Poetry Explorer- Classic Contemporary Poetry, BALLAD TO A FRENCH TUNE (1), by PATRICK CAREY



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BALLAD TO A FRENCH TUNE (1), by             Poet's Biography
First Line: Speak of somewhat else, I pray
Last Line: I'll make thousands; be but one.
Subject(s): Astrology & Astrologers; Lilly, William L. (1602-1681)


I

SPEAK of somewhat else, I pray;
This year I'll not married be:
Lilly, Joan, foretells, they say,
That horns plenty we shall see:
This aspect of Capricorn,
I'll let pass, for fear o' the horn.

II

Not that I pretend alone
To go free, since 'tis i' th' text;
Cuckolds shall be every one,
In this world, or in the next.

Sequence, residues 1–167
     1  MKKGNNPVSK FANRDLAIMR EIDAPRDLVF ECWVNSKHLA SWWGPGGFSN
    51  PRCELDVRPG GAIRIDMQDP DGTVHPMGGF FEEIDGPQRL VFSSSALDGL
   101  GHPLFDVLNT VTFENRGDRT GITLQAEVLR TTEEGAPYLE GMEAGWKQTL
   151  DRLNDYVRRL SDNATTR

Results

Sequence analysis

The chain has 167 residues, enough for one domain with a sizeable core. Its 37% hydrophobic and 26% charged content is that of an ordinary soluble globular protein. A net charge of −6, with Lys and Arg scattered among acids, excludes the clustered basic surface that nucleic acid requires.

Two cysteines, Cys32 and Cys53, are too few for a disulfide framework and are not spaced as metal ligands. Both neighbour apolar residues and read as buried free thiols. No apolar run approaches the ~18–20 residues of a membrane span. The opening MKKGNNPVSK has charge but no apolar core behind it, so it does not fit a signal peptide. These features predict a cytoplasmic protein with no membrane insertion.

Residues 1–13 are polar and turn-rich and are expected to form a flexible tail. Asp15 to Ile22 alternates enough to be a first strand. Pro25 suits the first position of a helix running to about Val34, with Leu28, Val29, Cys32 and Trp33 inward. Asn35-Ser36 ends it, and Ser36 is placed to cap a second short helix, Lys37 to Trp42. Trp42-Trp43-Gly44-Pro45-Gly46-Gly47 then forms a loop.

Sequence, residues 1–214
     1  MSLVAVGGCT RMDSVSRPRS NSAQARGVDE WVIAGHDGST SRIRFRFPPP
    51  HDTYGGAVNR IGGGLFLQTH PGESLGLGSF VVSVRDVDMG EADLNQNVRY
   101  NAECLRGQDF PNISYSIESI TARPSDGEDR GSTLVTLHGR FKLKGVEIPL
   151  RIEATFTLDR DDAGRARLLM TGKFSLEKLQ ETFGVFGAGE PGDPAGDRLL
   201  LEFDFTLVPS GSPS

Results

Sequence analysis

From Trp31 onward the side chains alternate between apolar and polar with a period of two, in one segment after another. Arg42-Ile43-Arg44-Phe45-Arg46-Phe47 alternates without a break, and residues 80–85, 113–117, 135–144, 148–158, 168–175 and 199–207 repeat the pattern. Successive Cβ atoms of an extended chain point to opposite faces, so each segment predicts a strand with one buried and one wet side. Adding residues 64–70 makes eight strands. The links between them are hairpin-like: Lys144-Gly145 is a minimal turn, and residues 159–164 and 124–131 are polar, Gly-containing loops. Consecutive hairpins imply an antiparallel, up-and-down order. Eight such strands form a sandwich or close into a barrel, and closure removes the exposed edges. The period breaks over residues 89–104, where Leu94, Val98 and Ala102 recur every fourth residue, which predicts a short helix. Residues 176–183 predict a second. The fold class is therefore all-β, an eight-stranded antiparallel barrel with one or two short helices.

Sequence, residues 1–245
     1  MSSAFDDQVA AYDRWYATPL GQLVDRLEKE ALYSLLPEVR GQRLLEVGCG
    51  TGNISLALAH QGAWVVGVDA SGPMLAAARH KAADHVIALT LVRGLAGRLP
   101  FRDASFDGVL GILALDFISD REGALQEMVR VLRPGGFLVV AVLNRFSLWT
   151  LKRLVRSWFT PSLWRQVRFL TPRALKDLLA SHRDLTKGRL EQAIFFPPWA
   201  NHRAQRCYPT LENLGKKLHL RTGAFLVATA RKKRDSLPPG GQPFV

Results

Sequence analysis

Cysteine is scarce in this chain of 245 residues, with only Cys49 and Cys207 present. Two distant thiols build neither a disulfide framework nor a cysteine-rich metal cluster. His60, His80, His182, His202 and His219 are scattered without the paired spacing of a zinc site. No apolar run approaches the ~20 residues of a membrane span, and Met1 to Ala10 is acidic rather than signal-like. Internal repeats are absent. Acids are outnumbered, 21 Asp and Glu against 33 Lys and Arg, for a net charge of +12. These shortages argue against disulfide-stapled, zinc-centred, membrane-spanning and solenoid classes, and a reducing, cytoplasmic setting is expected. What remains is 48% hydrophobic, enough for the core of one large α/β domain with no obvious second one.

I'd a while keep out o' th' herd;
That's not lost, that is deferr'd.

III

I've not patience yet enough,
All my jealousy's not gone;
I'd stay, till my forehead tough
Felt not, when that cap's put on:
Quietly then, with the rest,
I shall bear the well-known crest.

IV

When Jove th' European rape
Did commit, large horns he wore;
Though he reassum'd his shape,
Those he ever after bore:
Since the Gods do wear them then,
Why should they be scorn'd by men?

V

'Cause great lords are crown'd, you guess
That their heads no horns do bear;
Yet, although we see them less,
Joan! assure thyself, th' are there:
Neither learning, strength, nor state
Can secure us from that fate.

VI

For one branch the beggar has,
Forty can the rich man show;
Whilst by madame often was
Th' horner paid, to make them so:
Cuckold then who fears to be,
Merits not good company.

VII

From such honour, yet awhile
I'll be kept, by my weak stead:
But ere long, Joan, thou shalt smile,
Seeing how my fair horns spread.
For my comfort -- cuckolds, Joan,
I'll make thousands; be but one.





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